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The TownhallSocial issues

The great American grift (part one)

“When you want to help people, you tell them the truth. When you want to help yourself, you tell them what they want to hear.” – Thomas Sowell  

Racism exists, prejudice exists, and as long as human beings can interact with one another within the freedom of their own volition, these negative traits of human beings will never cease to exist.  

It is ideal that we coexist with one another in harmony, but unfortunately this is not the current reality we coexist within. Yes, racism is real, and it unfortunately occurs within the world, like any other ill-natured action from a human to another human.  

However, racism is not the all-encompassing issue people think it is. What it is though, is big business here in America. There is an entire paradigm that is predicated in ensuring Black Americans continue to be caught up within race.  

By doing so, it keeps them stagnant, distracted from true issues that need to be rectified, and stuck in a perpetual state of victimhood. Most importantly, it pays the bills for so many people.  

I would never discredit the experiences of a person because experiences shape a person’s worldview.  

However, when our experiences are reinforced by our biases due to television programming or media related influences, we become unaware at how easily our views are shaped by the ideas of others.  

I often ask; are our thoughts our thoughts? And if these thoughts we possess are not ours, who put them there? Why did they put them there? How does having these thoughts benefit them? As you read the rest of this article, keep those questions in mind.  

It’s largely agreed that the racial tensions within this nation reached its precipice during the Civil Rights movement. The movement is arguably the greatest political movement in American history post-Revolutionary War.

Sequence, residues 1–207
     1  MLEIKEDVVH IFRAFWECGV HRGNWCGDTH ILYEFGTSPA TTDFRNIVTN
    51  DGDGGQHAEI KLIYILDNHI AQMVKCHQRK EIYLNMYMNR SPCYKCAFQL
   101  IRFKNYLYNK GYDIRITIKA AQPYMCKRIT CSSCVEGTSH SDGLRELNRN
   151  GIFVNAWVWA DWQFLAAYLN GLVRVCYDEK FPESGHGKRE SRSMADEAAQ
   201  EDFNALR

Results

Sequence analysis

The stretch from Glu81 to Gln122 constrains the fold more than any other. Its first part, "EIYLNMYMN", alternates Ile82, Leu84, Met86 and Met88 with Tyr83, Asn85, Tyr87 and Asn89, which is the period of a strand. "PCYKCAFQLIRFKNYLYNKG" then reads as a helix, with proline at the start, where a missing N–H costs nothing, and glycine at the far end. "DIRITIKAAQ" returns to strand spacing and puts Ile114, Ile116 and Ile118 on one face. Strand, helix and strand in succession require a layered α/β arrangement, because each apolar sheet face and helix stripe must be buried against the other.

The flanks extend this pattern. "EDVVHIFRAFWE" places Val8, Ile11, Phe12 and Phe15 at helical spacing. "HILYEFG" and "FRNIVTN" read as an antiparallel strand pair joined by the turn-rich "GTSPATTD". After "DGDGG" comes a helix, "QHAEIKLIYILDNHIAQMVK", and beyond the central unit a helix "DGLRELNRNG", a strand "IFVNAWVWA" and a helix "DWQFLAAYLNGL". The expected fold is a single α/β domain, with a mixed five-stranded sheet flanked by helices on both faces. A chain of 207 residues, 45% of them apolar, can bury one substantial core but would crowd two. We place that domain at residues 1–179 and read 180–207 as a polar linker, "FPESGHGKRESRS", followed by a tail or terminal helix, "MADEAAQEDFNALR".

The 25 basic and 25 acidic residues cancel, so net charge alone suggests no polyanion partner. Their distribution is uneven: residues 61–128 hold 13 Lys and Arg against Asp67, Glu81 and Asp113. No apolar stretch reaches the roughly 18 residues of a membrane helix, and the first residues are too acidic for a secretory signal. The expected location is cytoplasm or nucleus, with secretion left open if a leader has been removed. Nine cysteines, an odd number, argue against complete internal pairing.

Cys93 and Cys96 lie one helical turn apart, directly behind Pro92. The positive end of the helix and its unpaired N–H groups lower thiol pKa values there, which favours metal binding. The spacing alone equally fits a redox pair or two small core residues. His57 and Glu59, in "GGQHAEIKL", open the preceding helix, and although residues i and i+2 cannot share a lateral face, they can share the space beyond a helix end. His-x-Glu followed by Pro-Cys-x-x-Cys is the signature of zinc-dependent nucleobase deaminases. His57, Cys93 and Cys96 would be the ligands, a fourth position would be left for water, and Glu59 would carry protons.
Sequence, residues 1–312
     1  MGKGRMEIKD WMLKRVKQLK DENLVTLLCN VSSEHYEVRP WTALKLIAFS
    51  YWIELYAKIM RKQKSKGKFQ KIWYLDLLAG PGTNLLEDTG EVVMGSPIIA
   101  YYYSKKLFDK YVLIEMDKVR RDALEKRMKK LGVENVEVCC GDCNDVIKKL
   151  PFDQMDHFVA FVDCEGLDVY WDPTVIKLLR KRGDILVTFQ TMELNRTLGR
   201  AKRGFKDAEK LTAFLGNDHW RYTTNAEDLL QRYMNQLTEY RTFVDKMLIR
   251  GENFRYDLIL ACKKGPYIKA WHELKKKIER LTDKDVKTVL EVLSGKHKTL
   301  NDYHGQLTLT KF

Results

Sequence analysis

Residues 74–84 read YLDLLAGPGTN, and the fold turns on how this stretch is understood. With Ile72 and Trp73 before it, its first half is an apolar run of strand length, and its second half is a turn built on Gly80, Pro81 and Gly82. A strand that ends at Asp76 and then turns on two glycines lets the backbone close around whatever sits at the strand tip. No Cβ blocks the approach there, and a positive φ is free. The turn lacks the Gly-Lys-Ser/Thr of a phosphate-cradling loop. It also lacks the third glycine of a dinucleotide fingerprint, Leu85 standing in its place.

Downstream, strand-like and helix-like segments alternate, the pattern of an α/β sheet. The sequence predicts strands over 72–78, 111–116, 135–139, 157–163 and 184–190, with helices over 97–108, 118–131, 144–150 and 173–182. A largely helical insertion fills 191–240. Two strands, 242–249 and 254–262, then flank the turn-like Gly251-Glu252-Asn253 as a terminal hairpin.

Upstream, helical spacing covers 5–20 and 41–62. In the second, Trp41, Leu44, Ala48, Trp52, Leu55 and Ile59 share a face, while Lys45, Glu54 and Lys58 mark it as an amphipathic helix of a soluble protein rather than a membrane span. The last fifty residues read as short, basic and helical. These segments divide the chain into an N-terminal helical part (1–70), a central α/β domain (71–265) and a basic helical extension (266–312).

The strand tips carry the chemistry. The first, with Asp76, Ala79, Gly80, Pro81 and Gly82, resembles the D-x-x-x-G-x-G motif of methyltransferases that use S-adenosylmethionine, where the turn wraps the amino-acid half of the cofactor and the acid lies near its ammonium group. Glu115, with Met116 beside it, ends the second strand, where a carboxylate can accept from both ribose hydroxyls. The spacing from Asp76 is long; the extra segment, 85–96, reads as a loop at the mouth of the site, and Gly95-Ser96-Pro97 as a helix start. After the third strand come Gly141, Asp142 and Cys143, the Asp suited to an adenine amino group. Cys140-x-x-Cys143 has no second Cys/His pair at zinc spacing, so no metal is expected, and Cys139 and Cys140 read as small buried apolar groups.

With almost 60 years since that movement, America has made substantial progress as a nation, as detailed in the Manhattan Institute’s report on racism titled, ‘The Social Construction of Racism in the United States.’  

In the report, for example, it is mentioned how the approval of interracial marriage among blacks and whites catapulted from around 4% in 1958 to 45% in 1995. From there, it rose again in 2013 to 84%.  

Additionally, in 2017, fewer than 10% of whites stated that interracial marriage was a “negative thing” in a major Pew research survey. Furthermore, the percentage of interracial newlyweds increased from 3% in 1967 to 17% in 2015.  

Despite the overwhelming data that is available showing how race relations have strongly improved over time, American society at-large believes that race relations are more of an issue today than it has ever been. The report goes on to label the media as the main culprit.  

There is a direct correlation with the media coverage of a topic, and the salience of that topic throughout society.  

Evidence of this can be seen in Europe with the media coverage of immigration, and the number of people who now believe that immigration is the biggest issue facing their country.  

The same can be said for race here within the United States.  

Gallup poll data from the 1950’s and 1960’s show that the salience of race among Americans was at its highest during this period, spiking at over half of Americans citing racism or race is the most important problem facing America.  

This salience substantially decreased over time, but spiked again after the Rodney King beating, then again during the Ferguson protests, the election of Donald Trump, and more recently through the George Floyd protests.  

By June of 2020, racism was the top concern for 20% of Americans. This was the highest salience level for race since the 1960’s.